A new study demonstrated that pediatric cancer rates vary by U.S. state and geographic region, with the highest rates in the Northeast, specifically New Hampshire; Washington, DC; and New Jersey. The study findings were published in Morbidity and Mortality Weekly Report.

Researchers analyzed data from the U.S. Cancer Statistics report from 2003–2014 and identified 171,432 cases of pediatric cancers. The data are reported per 1 million people. They found the highest rates in the Northeastern United States (188.0 per 1 million) and lowest in the South (168.0). For specific states, the highest rates were in New Hampshire (205.5), Washington, DC (194.0), and New Jersey (192.3), whereas the lowest rates were in South Carolina (149.3) and Mississippi (145.2).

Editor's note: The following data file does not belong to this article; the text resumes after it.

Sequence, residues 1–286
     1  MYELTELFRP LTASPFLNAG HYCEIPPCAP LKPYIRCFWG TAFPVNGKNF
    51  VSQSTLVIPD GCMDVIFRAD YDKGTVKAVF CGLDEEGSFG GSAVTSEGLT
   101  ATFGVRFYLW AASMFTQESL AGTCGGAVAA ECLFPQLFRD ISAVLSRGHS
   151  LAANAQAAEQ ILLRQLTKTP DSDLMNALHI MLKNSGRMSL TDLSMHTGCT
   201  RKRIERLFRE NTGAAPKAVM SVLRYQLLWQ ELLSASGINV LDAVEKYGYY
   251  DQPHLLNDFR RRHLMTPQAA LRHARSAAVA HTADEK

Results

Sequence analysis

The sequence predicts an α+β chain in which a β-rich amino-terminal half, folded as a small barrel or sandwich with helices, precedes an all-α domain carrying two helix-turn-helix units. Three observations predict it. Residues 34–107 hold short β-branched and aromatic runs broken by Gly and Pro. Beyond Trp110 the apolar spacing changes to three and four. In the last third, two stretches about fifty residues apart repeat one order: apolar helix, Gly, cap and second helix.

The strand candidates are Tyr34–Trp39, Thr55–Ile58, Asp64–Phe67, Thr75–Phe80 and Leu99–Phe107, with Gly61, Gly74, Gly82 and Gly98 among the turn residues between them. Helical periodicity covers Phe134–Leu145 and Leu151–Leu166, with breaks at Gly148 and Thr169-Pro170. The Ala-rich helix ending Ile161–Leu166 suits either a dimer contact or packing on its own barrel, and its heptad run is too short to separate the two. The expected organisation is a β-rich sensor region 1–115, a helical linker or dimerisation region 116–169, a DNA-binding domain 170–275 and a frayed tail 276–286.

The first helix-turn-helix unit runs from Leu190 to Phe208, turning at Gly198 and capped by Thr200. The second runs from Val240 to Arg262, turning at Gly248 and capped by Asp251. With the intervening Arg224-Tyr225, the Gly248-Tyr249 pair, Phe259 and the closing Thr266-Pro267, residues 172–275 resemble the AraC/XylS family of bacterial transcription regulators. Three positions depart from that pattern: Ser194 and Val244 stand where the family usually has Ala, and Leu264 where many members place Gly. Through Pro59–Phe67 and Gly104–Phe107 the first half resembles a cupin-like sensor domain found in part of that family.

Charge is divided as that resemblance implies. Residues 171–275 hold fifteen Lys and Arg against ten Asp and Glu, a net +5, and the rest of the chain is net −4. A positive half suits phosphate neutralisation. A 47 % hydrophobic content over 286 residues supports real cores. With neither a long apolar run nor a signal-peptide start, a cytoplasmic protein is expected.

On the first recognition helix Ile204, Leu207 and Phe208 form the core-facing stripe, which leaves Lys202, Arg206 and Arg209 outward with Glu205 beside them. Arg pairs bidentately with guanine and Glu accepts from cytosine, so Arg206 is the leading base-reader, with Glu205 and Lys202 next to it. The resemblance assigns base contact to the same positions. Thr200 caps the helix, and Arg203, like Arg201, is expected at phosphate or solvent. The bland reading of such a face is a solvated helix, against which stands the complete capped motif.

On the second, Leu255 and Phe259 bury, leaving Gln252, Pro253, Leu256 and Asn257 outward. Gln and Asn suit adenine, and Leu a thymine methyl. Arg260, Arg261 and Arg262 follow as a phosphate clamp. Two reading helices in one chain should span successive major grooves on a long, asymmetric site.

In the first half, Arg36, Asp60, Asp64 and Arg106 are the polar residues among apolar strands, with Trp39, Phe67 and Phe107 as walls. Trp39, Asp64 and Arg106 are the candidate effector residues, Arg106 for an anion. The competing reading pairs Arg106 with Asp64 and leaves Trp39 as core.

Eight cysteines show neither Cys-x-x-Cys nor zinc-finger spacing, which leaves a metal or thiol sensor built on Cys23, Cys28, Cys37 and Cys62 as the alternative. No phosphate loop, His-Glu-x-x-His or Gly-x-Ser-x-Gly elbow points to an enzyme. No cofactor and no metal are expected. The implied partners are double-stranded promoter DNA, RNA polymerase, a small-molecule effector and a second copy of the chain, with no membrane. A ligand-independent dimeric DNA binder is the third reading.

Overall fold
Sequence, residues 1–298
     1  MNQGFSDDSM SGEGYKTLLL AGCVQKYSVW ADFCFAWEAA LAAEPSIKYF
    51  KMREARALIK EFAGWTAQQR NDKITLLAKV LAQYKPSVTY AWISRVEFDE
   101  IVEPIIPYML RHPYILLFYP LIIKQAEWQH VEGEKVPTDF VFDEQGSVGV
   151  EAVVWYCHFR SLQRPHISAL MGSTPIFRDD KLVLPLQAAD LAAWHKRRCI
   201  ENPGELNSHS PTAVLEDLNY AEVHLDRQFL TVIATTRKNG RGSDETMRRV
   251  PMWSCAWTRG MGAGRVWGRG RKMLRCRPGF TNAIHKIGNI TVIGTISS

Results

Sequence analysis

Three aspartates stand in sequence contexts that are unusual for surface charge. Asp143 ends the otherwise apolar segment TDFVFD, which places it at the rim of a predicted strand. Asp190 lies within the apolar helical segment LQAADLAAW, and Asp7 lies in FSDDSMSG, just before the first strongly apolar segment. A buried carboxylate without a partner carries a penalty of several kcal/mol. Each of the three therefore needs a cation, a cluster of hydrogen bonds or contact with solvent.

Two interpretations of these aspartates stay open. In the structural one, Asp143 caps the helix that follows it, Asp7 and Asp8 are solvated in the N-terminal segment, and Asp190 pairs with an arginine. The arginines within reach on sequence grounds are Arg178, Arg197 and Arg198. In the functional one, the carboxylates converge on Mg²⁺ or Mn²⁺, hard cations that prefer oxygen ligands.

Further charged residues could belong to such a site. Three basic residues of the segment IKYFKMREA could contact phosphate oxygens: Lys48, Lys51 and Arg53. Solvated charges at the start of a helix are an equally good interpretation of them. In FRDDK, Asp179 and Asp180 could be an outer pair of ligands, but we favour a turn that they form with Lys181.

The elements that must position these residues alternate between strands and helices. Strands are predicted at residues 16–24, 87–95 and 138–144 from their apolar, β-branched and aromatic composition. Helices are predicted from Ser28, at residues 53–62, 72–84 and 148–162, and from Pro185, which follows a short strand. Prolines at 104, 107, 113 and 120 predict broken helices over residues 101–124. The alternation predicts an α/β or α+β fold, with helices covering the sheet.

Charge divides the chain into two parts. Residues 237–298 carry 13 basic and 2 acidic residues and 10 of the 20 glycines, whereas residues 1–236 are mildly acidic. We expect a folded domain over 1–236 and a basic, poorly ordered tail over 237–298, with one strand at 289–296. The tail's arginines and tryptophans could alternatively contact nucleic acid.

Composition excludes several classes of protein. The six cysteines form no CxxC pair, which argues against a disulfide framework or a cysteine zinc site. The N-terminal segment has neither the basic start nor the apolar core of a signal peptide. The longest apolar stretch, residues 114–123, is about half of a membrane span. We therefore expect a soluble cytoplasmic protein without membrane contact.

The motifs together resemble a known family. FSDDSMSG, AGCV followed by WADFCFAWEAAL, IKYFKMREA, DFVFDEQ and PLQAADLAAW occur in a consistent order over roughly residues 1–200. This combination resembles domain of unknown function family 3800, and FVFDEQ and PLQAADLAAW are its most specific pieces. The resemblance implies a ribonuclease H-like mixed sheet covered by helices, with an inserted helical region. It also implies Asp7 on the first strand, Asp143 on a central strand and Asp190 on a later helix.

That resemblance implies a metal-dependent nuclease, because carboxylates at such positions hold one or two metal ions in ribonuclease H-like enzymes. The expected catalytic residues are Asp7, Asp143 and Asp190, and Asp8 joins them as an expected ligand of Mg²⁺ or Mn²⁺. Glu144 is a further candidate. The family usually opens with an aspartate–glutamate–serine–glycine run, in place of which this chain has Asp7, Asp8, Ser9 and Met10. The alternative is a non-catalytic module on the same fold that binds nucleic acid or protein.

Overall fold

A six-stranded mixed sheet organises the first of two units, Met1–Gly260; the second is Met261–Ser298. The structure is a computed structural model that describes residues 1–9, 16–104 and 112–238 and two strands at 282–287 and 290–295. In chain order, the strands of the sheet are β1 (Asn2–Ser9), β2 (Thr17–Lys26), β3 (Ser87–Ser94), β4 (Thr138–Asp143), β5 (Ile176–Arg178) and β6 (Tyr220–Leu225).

Several factors could influence the incidence rates, the researchers suggested. Different areas may contain different types of carcinogens (e.g., air pollution, secondhand smoke, food, drinking water, radiation). Genetic factors or race/ethnicity factors in certain populations could also be at play. Finally, in some areas higher incidence rates may be related to better access to care that improves detection.

The researchers cited the “extensive population-based surveillance data” that covered more than 99% of the U.S. population as a strength of their report and explained that the findings “can help cancer control planners and clinicians address obstacles in access to care, especially in states with large distances to pediatric oncology centers.”